New clues to prostate cancer
Why aggressive subtype can resist treatment
Credit: The Hospital Research Foundation
Australian research has identified a new mechanism in which prostate cancer cells can ‘switch’ character and become resistant to therapy.
These findings, just published in Cell Reports, are an important development in unravelling how an aggressive subtype of prostate cancer, neuroendocrine prostate cancer (NEPC), develops after hormonal therapies.
It is well established that some tumours show increased cellular ‘plasticity’ in response to new or stressful conditions, such as cancer therapy, says lead researcher Associate Professor Luke Selth, from the Flinders Health and Medical Research Institute.
This plasticity allows the cancer cells to adapt and continue to grow by evolving into different cell types that no longer respond to the therapy.
“Increased cellular plasticity is increasingly recognised as a key feature by which prostate cancers become resistant to therapy and progress to a lethal stage,” he says.
“Our new study reveals that a particular molecule, the microRNA ‘miR-194’, can enhance this plasticity in prostate cancer, leading to the emergence of NEPC.
“By targeting miR-194, we were able to slow down and inhibit the growth of prostate cancer models with neuroendocrine features.”
Associate Professor Selth says while this study is a long way from clinical application, it “nevertheless provides us with important new insights into how prostate cancers ‘evolve’ in response to therapy”.
There are currently no effective treatments for NEPC, with estimates up to 15% of men may develop this aggressive subtype of prostate cancer after hormonal treatment – a major problem because these men face “very poor outcomes”.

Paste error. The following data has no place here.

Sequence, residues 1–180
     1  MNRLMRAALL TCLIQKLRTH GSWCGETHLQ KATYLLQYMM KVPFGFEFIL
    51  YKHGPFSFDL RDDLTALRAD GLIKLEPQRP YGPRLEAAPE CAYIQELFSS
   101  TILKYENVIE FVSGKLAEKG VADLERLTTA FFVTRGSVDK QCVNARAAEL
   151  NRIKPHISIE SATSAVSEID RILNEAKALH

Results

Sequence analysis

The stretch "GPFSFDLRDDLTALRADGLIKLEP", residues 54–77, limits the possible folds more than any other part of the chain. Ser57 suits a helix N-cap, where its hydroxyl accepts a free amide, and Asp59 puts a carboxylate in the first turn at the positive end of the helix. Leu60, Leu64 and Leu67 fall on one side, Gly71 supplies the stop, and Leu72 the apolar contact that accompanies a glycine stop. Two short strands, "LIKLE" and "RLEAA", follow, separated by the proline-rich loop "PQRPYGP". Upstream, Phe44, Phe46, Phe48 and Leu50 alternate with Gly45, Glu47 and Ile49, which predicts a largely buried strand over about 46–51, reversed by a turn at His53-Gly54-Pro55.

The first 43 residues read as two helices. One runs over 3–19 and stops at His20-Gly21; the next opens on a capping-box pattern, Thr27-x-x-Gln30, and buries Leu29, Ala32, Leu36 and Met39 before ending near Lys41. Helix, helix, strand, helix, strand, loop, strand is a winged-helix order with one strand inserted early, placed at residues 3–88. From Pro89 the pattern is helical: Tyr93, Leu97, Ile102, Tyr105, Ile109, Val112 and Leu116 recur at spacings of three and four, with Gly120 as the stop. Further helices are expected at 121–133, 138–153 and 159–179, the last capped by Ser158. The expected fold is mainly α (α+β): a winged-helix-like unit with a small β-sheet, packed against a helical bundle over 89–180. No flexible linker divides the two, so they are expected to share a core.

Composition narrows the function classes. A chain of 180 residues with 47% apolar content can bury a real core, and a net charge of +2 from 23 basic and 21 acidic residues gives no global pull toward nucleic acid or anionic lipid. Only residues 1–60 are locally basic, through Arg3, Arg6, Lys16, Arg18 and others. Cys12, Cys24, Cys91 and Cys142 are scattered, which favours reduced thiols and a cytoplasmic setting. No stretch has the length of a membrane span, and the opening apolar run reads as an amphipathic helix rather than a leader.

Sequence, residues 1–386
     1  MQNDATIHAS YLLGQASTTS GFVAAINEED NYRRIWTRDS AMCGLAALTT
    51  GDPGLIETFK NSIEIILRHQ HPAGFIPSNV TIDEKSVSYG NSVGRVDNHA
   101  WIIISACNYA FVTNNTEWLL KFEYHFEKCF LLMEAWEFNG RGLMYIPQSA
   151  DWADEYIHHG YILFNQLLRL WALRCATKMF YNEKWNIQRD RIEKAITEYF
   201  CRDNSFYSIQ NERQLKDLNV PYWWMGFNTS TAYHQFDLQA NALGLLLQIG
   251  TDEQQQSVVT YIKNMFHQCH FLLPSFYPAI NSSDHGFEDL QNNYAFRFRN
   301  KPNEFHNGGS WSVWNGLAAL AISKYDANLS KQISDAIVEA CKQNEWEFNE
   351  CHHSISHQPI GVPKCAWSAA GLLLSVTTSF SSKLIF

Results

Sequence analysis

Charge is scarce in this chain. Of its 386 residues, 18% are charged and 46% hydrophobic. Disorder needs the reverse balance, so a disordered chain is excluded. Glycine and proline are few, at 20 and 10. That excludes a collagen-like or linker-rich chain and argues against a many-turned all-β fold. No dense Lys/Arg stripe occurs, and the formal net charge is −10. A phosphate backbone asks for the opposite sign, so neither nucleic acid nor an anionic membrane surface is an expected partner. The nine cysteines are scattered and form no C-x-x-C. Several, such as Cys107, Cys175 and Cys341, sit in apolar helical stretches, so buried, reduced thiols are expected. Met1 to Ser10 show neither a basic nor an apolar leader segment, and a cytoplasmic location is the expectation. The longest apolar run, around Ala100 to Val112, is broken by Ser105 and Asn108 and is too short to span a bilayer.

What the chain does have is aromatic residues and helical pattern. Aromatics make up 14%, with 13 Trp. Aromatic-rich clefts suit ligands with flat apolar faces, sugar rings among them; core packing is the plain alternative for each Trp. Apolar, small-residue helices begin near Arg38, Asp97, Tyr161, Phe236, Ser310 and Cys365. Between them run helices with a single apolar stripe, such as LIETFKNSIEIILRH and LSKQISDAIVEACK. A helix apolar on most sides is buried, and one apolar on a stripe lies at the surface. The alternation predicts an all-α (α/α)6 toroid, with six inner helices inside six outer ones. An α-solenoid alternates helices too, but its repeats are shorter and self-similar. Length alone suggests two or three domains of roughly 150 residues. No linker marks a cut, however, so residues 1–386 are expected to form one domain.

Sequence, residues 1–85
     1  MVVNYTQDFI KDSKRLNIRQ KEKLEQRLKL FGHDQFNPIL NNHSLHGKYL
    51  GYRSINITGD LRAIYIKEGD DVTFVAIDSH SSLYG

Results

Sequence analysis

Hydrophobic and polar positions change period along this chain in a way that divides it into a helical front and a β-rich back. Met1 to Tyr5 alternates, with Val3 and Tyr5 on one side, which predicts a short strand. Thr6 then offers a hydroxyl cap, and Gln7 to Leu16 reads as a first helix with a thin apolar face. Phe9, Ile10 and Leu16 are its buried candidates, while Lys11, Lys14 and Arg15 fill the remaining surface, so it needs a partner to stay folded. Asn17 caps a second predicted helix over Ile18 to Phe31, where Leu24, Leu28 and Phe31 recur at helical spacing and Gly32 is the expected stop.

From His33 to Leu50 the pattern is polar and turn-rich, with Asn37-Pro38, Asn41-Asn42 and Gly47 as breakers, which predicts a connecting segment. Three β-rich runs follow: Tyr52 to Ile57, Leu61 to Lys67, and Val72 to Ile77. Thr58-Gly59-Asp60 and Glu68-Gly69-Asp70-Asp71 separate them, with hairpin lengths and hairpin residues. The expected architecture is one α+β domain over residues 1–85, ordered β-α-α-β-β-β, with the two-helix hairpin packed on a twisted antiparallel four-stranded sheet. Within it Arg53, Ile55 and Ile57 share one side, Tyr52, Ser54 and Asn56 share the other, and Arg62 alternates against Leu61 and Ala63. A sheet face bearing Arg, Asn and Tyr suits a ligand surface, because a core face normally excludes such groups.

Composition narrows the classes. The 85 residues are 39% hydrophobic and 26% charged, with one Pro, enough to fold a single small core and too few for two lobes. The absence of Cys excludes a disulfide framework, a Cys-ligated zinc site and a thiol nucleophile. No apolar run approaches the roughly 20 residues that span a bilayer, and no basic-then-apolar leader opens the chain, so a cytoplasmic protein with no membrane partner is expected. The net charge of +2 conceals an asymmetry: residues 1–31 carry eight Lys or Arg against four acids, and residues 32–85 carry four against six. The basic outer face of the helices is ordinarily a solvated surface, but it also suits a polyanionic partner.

“By revealing another regulator of prostate cancer cell plasticity that can promote evolution of tumours, our study highlights why prostate cancer is so difficult to cure.
“While this reality is sobering, we hope that our study and lots of other research going on around the world will eventually lead to smarter, more targeted ways to treat NEPC or even prevent its emergence,” Associate Professor Selth says.
The new paper, ‘Post-transcriptional gene regulation by microRNA-194 promotes neuroendocrine transdifferentiation in prostate cancer’ (2021) by RC Fernandes, J Toubia, S Townley, AR Hanson, BK Dredge, KA Pillman, AG Bert, JM Winter, R Iggo, R Das, D Obinata, MURAL investigators, S Sandhu, GP Risbridger, RA Taylor, MG Lawrence, LM Butler, A Zoubeidi, PA Gregory, WD Tilley, TE Hickey, GJ Goodall and LA Selth has been published in Cell Reports (Elsevier) DOI: 10.1016/j.celrep.2020.108585
Acknowledgement: This research was funded by the NHMRC, Cancer Council of South Australia, National Breast Cancer Foundation, Victorian Cancer Agency, the Movember Foundation and Prostate Cancer Foundation of Australia. Flinders University Associate Professor Selth is supported by a Principal Cancer Research Fellowship awarded by Cancer Council’s Beat Cancer project on behalf of its donors, the South Australian Government through the Department of Health, and the Australian Government’s Medical Research Future Fund.
Co-authors include experts from The University of Adelaide, ACRF Cancer Genomics Facility (SA Pathology and UniSA), Centre for Cancer Biology, Institut Bergonié Unicancer (France), Northwestern University (US), Nihon University School of Medicine (Japan), Monash University, University of Melbourne, SAHMRI and University of British Columbia (Canada).
Associate Professor Luke Selth
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